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Skaldic Poetry of the Scandinavian Middle Ages

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Anonymous Lausavísur (Anon)

I. 8. Lausavísur from Vǫlsa þáttr (Vǫlsa) - 14

not in Skj

2.2: Lausavísur from Vǫlsa þáttr — Anon (Vǫlsa)I

Wilhelm Heizmann 2012, ‘(Introduction to) Anonymous, Lausavísur from Vǫlsa þáttr’ in Diana Whaley (ed.), Poetry from the Kings’ Sagas 1: From Mythical Times to c. 1035. Skaldic Poetry of the Scandinavian Middle Ages 1. Turnhout: Brepols, p. 1089.

 1   2   3   4   5   6   7   8   9   10   11   12   13 

for reference only:  14 

Skj: Anonyme digte og vers [XIII]: D. 4. Vers af Vǫlsaþáttr (AII, 219-21, BII, 237-9)

SkP info: I, 1092

old edition introduction edition manuscripts transcriptions concordance search files

1 — Anon (Vǫlsa) 1I

edition interactive full text transcriptions old edition references concordance


Cite as: Wilhelm Heizmann (ed.) 2012, ‘Anonymous Lausavísur, Lausavísur from Vǫlsa þáttr 1’ in Diana Whaley (ed.), Poetry from the Kings’ Sagas 1: From Mythical Times to c. 1035. Skaldic Poetry of the Scandinavian Middle Ages 1. Turnhout: Brepols, p. 1092.

Karl hefir búit         ok kona ǫldruð
á andnesi         einhverju.
Átti son         við seima Bil
drengr ok dóttur         drjúgskýrliga.

Karl ok ǫldruð kona hefir búit á einhverju andnesi. Drengr átti son ok drjúgskýrliga dóttur við {Bil seima}.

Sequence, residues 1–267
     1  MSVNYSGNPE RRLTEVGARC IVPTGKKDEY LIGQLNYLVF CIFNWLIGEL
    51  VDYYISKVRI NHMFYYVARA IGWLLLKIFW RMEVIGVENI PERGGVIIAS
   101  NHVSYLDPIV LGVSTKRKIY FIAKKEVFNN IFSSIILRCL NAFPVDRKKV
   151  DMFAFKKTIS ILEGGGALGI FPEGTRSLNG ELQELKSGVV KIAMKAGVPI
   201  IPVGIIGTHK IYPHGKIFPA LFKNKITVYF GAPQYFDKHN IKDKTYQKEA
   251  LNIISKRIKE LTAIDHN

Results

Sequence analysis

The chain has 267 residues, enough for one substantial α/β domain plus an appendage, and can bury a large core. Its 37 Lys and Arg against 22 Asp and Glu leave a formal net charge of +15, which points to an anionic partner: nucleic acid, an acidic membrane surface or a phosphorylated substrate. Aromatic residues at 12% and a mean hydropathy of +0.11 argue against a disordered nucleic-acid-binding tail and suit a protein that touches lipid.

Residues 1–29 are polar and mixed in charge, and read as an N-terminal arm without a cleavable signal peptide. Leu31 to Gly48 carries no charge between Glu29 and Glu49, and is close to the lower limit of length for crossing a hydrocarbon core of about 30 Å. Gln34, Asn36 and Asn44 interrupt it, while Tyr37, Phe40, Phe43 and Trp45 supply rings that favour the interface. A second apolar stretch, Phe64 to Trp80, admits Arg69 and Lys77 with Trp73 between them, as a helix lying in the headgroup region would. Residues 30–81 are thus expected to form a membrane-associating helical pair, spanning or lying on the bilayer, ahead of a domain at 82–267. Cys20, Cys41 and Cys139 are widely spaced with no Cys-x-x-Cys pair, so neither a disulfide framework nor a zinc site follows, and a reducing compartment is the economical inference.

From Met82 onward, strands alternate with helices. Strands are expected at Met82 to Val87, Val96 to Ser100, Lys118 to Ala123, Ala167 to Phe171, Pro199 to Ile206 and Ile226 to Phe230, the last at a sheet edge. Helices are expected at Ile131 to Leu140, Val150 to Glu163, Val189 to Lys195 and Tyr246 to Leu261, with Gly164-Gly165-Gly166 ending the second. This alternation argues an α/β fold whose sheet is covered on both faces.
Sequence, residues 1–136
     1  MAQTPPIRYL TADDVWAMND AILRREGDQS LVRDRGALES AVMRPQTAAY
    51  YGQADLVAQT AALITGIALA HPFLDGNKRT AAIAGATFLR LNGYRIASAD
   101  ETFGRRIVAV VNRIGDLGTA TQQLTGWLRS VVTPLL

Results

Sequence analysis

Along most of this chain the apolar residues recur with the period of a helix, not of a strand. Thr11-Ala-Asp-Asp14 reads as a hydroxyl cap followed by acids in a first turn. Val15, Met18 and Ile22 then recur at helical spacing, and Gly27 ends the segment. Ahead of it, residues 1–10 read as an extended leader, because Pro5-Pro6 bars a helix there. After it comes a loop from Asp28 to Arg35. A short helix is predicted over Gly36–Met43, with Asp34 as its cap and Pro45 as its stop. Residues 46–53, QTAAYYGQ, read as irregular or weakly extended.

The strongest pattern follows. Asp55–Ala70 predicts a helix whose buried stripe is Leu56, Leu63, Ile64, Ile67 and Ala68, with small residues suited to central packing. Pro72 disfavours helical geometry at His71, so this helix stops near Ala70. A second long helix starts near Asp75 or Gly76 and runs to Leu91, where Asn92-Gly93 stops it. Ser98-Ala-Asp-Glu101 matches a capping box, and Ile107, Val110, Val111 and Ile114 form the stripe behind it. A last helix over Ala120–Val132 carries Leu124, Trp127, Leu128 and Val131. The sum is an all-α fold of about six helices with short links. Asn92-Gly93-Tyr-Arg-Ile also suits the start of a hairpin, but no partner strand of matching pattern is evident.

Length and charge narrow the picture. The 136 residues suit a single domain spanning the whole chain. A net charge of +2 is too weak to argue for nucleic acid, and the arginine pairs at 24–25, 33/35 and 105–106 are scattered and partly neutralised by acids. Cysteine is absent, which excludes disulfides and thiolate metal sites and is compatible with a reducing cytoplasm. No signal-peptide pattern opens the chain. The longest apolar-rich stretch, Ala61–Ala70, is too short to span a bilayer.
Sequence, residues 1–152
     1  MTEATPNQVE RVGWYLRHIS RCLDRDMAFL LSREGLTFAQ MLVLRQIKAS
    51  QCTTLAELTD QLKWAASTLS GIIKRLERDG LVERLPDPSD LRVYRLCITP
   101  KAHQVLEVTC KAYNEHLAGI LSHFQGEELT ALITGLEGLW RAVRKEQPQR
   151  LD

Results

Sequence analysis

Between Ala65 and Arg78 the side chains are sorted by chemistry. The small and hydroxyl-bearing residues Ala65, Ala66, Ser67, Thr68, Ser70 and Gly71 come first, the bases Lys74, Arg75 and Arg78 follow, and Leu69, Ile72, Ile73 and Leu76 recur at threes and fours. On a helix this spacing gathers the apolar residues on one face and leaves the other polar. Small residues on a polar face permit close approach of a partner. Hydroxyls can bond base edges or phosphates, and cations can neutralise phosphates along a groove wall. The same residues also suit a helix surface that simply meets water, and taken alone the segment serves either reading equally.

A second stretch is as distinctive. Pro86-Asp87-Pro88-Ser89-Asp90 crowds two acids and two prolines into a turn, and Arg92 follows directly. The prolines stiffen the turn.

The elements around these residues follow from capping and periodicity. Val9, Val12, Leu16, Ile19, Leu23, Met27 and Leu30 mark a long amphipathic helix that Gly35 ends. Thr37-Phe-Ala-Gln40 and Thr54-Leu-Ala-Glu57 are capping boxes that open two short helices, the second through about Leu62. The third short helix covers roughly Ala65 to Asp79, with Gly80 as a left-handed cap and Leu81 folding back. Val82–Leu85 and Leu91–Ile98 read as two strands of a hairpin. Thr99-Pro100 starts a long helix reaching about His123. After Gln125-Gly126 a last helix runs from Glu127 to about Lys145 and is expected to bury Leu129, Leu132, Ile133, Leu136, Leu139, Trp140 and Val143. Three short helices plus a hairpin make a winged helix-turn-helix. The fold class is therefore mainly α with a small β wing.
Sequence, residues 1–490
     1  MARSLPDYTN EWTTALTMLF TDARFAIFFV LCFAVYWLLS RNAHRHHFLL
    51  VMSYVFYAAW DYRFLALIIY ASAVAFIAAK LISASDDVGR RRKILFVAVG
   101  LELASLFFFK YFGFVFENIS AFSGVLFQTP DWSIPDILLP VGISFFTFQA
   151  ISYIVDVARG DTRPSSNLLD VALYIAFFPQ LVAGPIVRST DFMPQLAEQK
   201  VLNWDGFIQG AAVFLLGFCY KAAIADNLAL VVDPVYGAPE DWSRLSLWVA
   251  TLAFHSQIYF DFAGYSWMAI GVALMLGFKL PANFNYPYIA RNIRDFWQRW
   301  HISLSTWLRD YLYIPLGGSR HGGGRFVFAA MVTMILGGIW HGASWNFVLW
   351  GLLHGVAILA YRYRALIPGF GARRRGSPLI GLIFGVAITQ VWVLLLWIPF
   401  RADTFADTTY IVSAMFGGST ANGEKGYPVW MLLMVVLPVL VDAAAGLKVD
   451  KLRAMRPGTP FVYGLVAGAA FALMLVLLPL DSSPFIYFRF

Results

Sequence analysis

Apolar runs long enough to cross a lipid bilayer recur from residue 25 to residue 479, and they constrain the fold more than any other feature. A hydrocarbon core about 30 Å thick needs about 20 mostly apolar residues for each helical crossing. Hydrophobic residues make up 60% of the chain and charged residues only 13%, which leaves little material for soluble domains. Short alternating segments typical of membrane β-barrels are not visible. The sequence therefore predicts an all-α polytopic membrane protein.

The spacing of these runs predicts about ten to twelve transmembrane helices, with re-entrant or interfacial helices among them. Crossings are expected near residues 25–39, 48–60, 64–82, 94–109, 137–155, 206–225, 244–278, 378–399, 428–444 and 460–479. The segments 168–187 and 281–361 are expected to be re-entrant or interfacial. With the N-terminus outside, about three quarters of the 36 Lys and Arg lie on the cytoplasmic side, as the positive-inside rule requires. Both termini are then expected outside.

An old man and an aged woman used to live on a certain headland. The capable man had a son and a very sensible daughter with {the Bil <goddess> of gold} [WOMAN].

Mss: Flat(121vb) (Flat)

Readings: [3] á andnesi: ‘a nnd nesi’ Flat

Editions: Skj: Anonyme digte og vers [XIII], D. 4. Vers af Vǫlsaþáttr 1: AII, 219, BII, 237, Skald II, 123; Flat 1860-8, II, 331 (Vǫlsa); Guðbrandur Vigfússon 1860, 133, CPB II, 381, Edd. Min. 123, Schröder 1933, 78.

Context: The prose text sets the story in the time before the expulsion of King Óláfr from Norway by King Knútr (late 1020s), and connects it with the Christianizing efforts of Óláfr. The king is informed about heathen practices being performed on a remote farm in northern Norway. The family at the farm, a farmer, a housewife and their son and daughter, are introduced and st. 1 cited with at þui sem j upphafi kuædissins segir ok suo hefr ‘as it says in the beginning of the poem, starting thus’. The prose resumes with the remainder of the household: a male and a female servant, and a dog called Lærir.

Notes: [All]: The stanza is missing in 292ˣ, and it was probably inserted into Flat as an introductory stanza deduced from the prose text. — [1-2]: A sg. verb, here hefir (búit) ‘used (to live)’, is common with a coordinate subject in poetry (NS §70).  — [1] karl ‘an old man’: All other household members likewise remain nameless: kona ‘woman’, sonr ‘son’ and dóttir ‘daughter’ in this stanza, ambátt ‘female servant, maid’ in st. 2/5, and þræll ‘male servant’ in st. 7/7. Only the household bitch has a (suggestive) proper name, Lærir; on its probable meaning see Note to st. 13/9. — [3] á andnesi ‘on a headland’: The ms. only has one <a> which is clearly separated from the following ‘nnd nesi’. Therefore, it is not the prep. that needs to be restored by emendation but the initial <a> of the next word. — [8] drjúgskýrliga ‘very sensible’: A hap. leg., though drjúg- occurs as an intensifier; see, e.g., LP: drjúghljóðr ‘very/persistently silent’, drjúgspakr ‘very wise’.

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